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Estate Planning, Wills and Elder Law
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- Attorneys and StaffWendy R. Morgan, Attorney
Joseph H. Sparacino Attorney
Andrew M. Klaas , Attorney
Katherine C. Adams, Attorney
Rodney C. Adams, Administrator
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Planning for the long-term care of aging parents or loved ones with special needs is undeniably complicated, and with baby boomers retiring, elder care and Medicaid planning for older adults with assets is more important than ever. Unfortunately, it is such a complex and confusing area that many families delay in making decisions until it's too late. The field of Elder Law covers all aspects of legal problems with the aging and individuals with special needs including but not limited to probate of wills, guardianship, guardianship avoidance, powers of attorney, living wills, testamentary wills, testamentary trusts, and various other types of wills and trusts.
While wills and trusts are especially important for the aging and individuals with special needs, they are not something reserved for just those individuals. A proper estate plan will avoid the chaos and waste of assets of an unclaimed estate, enhance your sense of security, and provide a dimension of personal well-being to your loved ones. Whether you are younger or older, married or single, a parent or without children, you should investigate of a need for an estate plan and/or a will.
Wills and trusts are common ways in which individuals distribute their wealth. A carefully created will is your most reliable guarantee to the distribution of your assets being conducted according to your wishes and desires. In addition, if your family includes minor children, a will enables you, to specify who you desire to assume responsibility for their upbringing, as well as the manner in which you wish them to be raised. Also, your will presents the most dependable way of communicating any special intentions you have (for example, arrangements for the continuing care of pets). It also provides the best means of indicating who should receive items and "keepsakes" that hold sentimental value. When an estate is conveyed through a will, the probate court must validate the will before its provisions can be effectuated so the proper preparation and signing of the Will is essential.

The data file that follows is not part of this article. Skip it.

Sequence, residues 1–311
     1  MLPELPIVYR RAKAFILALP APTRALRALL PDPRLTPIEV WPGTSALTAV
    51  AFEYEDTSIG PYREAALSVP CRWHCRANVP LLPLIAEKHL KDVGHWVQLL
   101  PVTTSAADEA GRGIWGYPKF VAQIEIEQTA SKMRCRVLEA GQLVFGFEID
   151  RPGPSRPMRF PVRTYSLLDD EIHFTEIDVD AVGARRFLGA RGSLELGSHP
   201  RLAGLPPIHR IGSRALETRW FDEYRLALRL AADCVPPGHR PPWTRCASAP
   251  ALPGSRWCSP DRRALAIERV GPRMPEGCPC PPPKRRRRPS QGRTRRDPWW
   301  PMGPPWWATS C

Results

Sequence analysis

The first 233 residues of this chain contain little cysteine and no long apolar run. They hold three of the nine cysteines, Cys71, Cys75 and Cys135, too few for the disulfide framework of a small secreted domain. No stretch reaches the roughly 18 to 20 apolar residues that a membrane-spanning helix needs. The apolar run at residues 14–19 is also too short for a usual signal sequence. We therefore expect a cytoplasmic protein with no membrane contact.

Assets held in a living trust, however, are not subject to probate. The advantages of avoiding probate are several:
Privacy and confidentiality: When a will is entered into probate, all of its provisions become a matter of public record. Since a living trust is a private arrangement, its terms are not made public at your death. Your assets and intentions are known only to your trustee and beneficiaries.
Reduction of expense: The expenses of probate are completely avoided for all assets held in your living trust.
Distribution is expedited: A living trust allows assets to be distributed to your heirs as quickly as your trust agreement instructs and the Taxing Authorities allow, without the additional delays of probate. For instance, a living trust can provide for your spouse to receive income to provide for living expenses immediately.
Our experienced attorneys at The Law Firm of Wendy R. Morgan are not just attorneys, they're also people with families and they have years of extensive experience in helping Illinois individuals to plan for their long-term care, including the elderly and individuals with special needs. We understand our clients' needs may extend beyond the legal services we provide and are also connected to the local networks of professionals who serve the aging population.
Your estate plan controls the distribution of your assets and many other issues in the event of your death or incapacitation. If your estate planning documents are improperly prepared without qualified legal counsel, the effects can be seriously detrimental and cause irreversible damage.
If you have questions about Elder Law or Estate Planning, contact The Law Firm of Wendy R. Morgan to schedule your consultation with one of our experienced attorneys.
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